PlayStation 4 Launch Post-Mortem: What We Like (And Loathe)

PlayStation 4 Launch Post-Mortem: What We Like (And Loathe)

Today, Sony officially launched the PlayStation 4 video game console, putting an end to months of speculation, rumour and touted PS4 logos. The launch event unveiled fresh details about the new machine and also showcased a swathe of next-generation games, including new epics from Bungie, Square Enix and UbiSoft. Here’s what we love about the new machine (and a few things we remain unsure about).

The PlayStation 4 Launch: What We Love

#1 PlayStation 4 Price (Tentative)

PlayStation 4 Launch Post-Mortem: What We Like (And Loathe)

How much does the PS4 cost? Pricing was conspicuously absent from today’s launch event, but most reputable rumours are pointing towards an RRP of between $500 and $600. Last week, the respectable Japanese newspaper Asahi Shimbun reported that the PS4 would cost 40,000 yen ($A414). We’ll remain cautiously optimistic until we receive official pricing, but it looks like we could be getting a (semi) affordable console. Hurrah!

#2 It’s Aimed Squarely At Gamers

PlayStation 4 Launch Post-Mortem: What We Like (And Loathe)

In stark contrast to the PlayStation 3’s launch — which attempted to position the device as a hub for “multimedia entertainment” — today’s event was all about the gaming.

SCEI President and CEO Andy House made it clear that this is a product for the diehard PlayStation fan, stating that it would “make the gamer the centre of the Sony ecosystem”. The launch focused almost entirely on games and game-related services, with only passing mention made to its additional capabilities. Frankly, we think this is how it should be. While we have nothing against video streaming, music subscriptions and the like, they should not be the focus of a console’s launch. Hopefully Microsoft has been taking notes.

#3 Improved Cloud Service (And Games Library)

PlayStation 4 Launch Post-Mortem: What We Like (And Loathe)

According to Gaikai CEO Dave Perry, the PlayStation 4 will boast one of the fastest and most feature-packed cloud-streaming services in the world. If Sony and Gaikai are to be believed, downloadable games will be ready to play on your console before you’ve even pressed the purchase button. But the thing we’re really excited about is the prospect of having access to the entire PlayStation games library in the cloud: from the original PlayStation onward. “This would fundamentally change game longevity,” claimed Perry. Well, it sure beats having three or four consoles stacked in your living room.

#4 Better Graphics = Better Storytelling

PlayStation 4 Launch Post-Mortem: What We Like (And Loathe)

The PlayStation 4 will come equipped with an eight-core x86 processor, a powerful AMD Radeon GPU and 8GB of high-speed memory, which puts it on par with a modern high-end gaming PC. During today’s event, Quantic Dream founder David Cage took to the stage to explain how the PS4’s engine allows for incredibly realistic skin and eye details. According to Cage, the rendering of human faces is so realistic, you can tell a great deal about a character before they even open their mouth. The examples he showed off were certainly impressive.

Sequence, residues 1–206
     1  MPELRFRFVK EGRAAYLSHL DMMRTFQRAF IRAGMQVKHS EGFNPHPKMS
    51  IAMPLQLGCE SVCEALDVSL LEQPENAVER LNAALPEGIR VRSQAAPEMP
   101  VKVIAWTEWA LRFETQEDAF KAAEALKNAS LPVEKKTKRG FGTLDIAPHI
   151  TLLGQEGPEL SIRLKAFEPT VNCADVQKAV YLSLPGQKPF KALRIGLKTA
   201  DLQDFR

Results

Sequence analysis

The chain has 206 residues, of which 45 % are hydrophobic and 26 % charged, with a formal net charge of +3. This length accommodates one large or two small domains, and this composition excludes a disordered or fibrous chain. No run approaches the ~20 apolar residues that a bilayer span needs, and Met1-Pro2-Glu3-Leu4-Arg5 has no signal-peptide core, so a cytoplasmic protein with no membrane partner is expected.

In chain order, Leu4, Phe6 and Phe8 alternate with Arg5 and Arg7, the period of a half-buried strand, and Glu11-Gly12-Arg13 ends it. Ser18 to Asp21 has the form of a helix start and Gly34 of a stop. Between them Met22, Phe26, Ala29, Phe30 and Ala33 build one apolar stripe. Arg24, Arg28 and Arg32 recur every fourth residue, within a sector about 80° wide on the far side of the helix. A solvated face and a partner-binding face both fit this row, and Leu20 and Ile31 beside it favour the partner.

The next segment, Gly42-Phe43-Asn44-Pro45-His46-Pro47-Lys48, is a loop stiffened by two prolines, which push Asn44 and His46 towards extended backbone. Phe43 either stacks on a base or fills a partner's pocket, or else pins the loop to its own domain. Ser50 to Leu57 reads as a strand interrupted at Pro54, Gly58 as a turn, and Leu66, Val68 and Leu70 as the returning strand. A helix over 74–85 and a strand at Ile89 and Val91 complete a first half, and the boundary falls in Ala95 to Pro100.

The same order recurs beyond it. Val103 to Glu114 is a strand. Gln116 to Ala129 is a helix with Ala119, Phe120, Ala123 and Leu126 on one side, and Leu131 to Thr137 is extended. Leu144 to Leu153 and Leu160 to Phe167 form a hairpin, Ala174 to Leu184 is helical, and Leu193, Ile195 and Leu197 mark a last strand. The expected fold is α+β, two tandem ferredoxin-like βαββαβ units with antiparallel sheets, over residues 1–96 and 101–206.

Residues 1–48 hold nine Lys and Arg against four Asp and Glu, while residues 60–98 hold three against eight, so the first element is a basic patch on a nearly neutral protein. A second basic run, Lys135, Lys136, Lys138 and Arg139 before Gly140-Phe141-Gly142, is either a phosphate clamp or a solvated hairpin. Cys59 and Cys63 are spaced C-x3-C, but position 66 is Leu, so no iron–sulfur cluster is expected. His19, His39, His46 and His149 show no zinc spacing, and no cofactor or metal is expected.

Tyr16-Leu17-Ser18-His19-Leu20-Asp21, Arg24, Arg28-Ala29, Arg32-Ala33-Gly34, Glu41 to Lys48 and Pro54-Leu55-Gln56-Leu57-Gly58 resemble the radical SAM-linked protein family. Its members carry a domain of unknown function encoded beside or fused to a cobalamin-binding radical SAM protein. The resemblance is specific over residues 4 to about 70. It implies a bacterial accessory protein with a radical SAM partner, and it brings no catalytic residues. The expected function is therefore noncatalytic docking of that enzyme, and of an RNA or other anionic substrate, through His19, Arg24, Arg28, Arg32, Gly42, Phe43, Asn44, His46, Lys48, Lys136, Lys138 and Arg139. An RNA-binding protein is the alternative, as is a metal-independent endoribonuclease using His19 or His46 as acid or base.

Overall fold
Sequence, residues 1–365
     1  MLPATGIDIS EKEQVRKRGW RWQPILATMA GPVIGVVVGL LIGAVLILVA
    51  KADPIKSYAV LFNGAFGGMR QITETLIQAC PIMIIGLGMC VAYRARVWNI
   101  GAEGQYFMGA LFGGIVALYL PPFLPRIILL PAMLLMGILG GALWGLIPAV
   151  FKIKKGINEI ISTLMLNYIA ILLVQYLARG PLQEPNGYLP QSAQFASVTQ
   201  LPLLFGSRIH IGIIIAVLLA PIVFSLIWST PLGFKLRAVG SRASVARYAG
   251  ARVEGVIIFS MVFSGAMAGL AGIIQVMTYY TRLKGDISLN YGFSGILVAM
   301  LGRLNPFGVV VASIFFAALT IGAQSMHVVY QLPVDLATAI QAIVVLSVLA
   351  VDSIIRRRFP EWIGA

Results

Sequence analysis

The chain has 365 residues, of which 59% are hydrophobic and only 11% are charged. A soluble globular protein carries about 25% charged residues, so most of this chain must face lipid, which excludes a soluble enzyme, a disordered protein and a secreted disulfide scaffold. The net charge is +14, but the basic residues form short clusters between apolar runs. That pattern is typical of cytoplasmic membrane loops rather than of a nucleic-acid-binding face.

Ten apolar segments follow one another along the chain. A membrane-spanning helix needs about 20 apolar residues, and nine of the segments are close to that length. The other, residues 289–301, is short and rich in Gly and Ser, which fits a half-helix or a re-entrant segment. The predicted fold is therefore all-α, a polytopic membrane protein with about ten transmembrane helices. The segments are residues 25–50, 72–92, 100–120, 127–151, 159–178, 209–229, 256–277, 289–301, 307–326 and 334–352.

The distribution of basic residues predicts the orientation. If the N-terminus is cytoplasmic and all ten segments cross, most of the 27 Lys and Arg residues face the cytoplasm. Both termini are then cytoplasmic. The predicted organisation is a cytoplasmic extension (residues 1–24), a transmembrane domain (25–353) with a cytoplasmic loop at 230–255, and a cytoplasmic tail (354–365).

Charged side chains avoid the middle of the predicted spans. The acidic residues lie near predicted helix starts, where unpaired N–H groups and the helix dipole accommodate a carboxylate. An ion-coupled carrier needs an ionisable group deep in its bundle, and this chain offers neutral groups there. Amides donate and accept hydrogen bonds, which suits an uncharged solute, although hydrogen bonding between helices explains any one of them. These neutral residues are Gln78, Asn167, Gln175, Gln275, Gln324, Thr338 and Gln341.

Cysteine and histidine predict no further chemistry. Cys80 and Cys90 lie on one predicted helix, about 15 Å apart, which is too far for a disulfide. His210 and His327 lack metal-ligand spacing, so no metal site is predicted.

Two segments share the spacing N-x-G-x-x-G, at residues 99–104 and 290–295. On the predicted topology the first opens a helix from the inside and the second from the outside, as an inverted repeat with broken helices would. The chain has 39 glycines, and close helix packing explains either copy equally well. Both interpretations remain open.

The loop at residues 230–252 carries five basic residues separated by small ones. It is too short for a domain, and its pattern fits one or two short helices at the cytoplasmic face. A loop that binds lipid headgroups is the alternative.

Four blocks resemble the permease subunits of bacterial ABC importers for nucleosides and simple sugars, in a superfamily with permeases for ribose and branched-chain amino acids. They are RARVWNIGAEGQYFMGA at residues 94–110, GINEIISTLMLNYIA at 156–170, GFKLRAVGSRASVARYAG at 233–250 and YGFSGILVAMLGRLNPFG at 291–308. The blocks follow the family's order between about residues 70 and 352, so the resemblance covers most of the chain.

#5 Dual-Shock 4

PlayStation 4 Launch Post-Mortem: What We Like (And Loathe)

They say if it ain’t broke, don’t fix it and Sony appears to agree. The PS4’s Dual-Shock 4 controller is a refined version of what came before, with a few additional bells and whistles. These include an inbuilt touchpad, a ‘Share’ button, enhanced rumble feedback, a headphone jack and “a much tighter sense of control” — all of which sounds pretty great to us. Most of all, we’re just glad Sony wasn’t spooked into doing something completely different in a bid to become this generation’s Wii.

The PlayStation 4 Launch: What We’re Ambivalent About

#1 No (Physical) Backwards Compatibility

PlayStation 4 Launch Post-Mortem: What We Like (And Loathe)

The PlayStation 4 will not be compatible with PlayStation 3 game discs. Boo-hiss. While this isn’t too surprising after Sony gutted PlayStation 2 support from the PS3, we were still holding out hope that the company would bow to popular pressure. After all, Nintendo didn’t turn it’s back on Wii gamers when it released the Wii U, so why should Sony? Apparently, you’ll be able to play all your old games through the cloud, but will you have to pay for titles you already own? Sony was ambiguous on that point, which doesn’t bode well.

#2 Too Many Extra Gizmos

PlayStation 4 Launch Post-Mortem: What We Like (And Loathe)

Sony has always been guilty of foisting extra peripherals on its customer base and the PlayStation 4 is no exception. The company announced that the Move motion-controller will be making a return on the PS4. Did anyone get any significant use out of this thing the first time around? The vast majority of Move games were comical distractions at best and tiresome gimmicks at worst (and don’t get us started on the way it was shoehorned into normal PS3 titles).

Somewhat worryingly, the new Dual-Shock 4 controller has been tied to the Move’s camera peripheral which will be used to track the controller’s movements and “enhance” gameplay. If we’re forced to shake our controllers up and down and make figure-eights in the air, we not going to be amused.

Sony is also attempting to integrate its struggling portable Vita console into the PS4 experience (much like it did with the PSP on the PlayStation 3, with limited success). On the plus side, Sony claims that all PS4 games will be playable on the Vita via a remote play feature, which we admit sounds pretty handy.

#3 Where’s The Killer App?

PlayStation 4 Launch Post-Mortem: What We Like (And Loathe)

Most of the games Sony showed off at the PS4 launch were sequels, samey looking shooters and multi-platform titles. With the possible exception of Watch_Dogs (which isn’t exclusive to the PS4), nothing really stood out in the way a next-gen title should. The most original looking game was probably Knack, which looks like a weird cross between Katamari and Kameo. Presumably more titles will be announced closer to launch, but as it stands, there isn’t a whole lot to get excited about.